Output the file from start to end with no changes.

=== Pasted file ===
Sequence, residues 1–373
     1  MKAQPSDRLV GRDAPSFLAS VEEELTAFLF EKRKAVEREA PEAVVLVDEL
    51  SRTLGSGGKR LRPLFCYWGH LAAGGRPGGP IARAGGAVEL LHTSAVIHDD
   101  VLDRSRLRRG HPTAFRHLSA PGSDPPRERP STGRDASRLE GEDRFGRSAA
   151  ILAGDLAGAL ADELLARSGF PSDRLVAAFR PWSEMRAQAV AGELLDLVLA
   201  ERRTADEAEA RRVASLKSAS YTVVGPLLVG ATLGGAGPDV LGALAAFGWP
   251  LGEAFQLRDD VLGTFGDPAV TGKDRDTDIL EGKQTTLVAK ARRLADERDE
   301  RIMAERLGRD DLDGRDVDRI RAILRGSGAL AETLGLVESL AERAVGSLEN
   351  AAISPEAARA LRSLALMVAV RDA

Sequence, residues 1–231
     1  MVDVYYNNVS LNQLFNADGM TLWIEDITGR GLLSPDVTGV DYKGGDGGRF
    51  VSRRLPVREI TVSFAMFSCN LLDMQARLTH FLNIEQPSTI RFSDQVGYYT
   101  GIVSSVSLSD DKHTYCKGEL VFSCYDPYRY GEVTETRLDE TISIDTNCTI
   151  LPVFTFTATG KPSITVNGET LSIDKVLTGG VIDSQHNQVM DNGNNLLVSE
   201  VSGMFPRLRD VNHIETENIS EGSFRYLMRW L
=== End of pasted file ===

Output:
Sequence, residues 1–373
     1  MKAQPSDRLV GRDAPSFLAS VEEELTAFLF EKRKAVEREA PEAVVLVDEL
    51  SRTLGSGGKR LRPLFCYWGH LAAGGRPGGP IARAGGAVEL LHTSAVIHDD
   101  VLDRSRLRRG HPTAFRHLSA PGSDPPRERP STGRDASRLE GEDRFGRSAA
   151  ILAGDLAGAL ADELLARSGF PSDRLVAAFR PWSEMRAQAV AGELLDLVLA
   201  ERRTADEAEA RRVASLKSAS YTVVGPLLVG ATLGGAGPDV LGALAAFGWP
   251  LGEAFQLRDD VLGTFGDPAV TGKDRDTDIL EGKQTTLVAK ARRLADERDE
   301  RIMAERLGRD DLDGRDVDRI RAILRGSGAL AETLGLVESL AERAVGSLEN
   351  AAISPEAARA LRSLALMVAV RDA

Sequence, residues 1–231
     1  MVDVYYNNVS LNQLFNADGM TLWIEDITGR GLLSPDVTGV DYKGGDGGRF
    51  VSRRLPVREI TVSFAMFSCN LLDMQARLTH FLNIEQPSTI RFSDQVGYYT
   101  GIVSSVSLSD DKHTYCKGEL VFSCYDPYRY GEVTETRLDE TISIDTNCTI
   151  LPVFTFTATG KPSITVNGET LSIDKVLTGG VIDSQHNQVM DNGNNLLVSE
   201  VSGMFPRLRD VNHIETENIS EGSFRYLMRW L